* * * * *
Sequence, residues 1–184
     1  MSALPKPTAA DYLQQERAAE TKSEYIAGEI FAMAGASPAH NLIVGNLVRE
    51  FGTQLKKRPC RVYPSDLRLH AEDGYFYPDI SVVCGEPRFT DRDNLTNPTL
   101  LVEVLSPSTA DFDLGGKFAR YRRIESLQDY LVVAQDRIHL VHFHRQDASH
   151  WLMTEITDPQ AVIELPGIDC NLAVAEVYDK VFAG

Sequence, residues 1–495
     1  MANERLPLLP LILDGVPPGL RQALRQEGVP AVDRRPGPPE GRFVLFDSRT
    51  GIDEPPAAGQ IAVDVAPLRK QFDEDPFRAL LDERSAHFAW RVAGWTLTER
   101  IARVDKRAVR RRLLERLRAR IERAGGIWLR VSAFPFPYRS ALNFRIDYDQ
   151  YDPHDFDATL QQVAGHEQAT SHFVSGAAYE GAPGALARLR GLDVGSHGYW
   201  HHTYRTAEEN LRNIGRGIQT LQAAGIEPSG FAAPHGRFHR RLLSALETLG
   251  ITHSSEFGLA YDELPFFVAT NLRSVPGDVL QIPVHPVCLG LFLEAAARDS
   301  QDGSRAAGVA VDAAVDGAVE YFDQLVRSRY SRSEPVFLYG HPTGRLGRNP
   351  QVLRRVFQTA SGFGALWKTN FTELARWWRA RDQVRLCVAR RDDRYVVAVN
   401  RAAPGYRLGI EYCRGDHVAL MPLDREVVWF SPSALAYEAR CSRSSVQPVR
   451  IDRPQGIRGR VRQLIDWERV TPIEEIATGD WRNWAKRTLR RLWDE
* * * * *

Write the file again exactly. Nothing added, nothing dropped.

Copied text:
Sequence, residues 1–184
     1  MSALPKPTAA DYLQQERAAE TKSEYIAGEI FAMAGASPAH NLIVGNLVRE
    51  FGTQLKKRPC RVYPSDLRLH AEDGYFYPDI SVVCGEPRFT DRDNLTNPTL
   101  LVEVLSPSTA DFDLGGKFAR YRRIESLQDY LVVAQDRIHL VHFHRQDASH
   151  WLMTEITDPQ AVIELPGIDC NLAVAEVYDK VFAG

Sequence, residues 1–495
     1  MANERLPLLP LILDGVPPGL RQALRQEGVP AVDRRPGPPE GRFVLFDSRT
    51  GIDEPPAAGQ IAVDVAPLRK QFDEDPFRAL LDERSAHFAW RVAGWTLTER
   101  IARVDKRAVR RRLLERLRAR IERAGGIWLR VSAFPFPYRS ALNFRIDYDQ
   151  YDPHDFDATL QQVAGHEQAT SHFVSGAAYE GAPGALARLR GLDVGSHGYW
   201  HHTYRTAEEN LRNIGRGIQT LQAAGIEPSG FAAPHGRFHR RLLSALETLG
   251  ITHSSEFGLA YDELPFFVAT NLRSVPGDVL QIPVHPVCLG LFLEAAARDS
   301  QDGSRAAGVA VDAAVDGAVE YFDQLVRSRY SRSEPVFLYG HPTGRLGRNP
   351  QVLRRVFQTA SGFGALWKTN FTELARWWRA RDQVRLCVAR RDDRYVVAVN
   401  RAAPGYRLGI EYCRGDHVAL MPLDREVVWF SPSALAYEAR CSRSSVQPVR
   451  IDRPQGIRGR VRQLIDWERV TPIEEIATGD WRNWAKRTLR RLWDE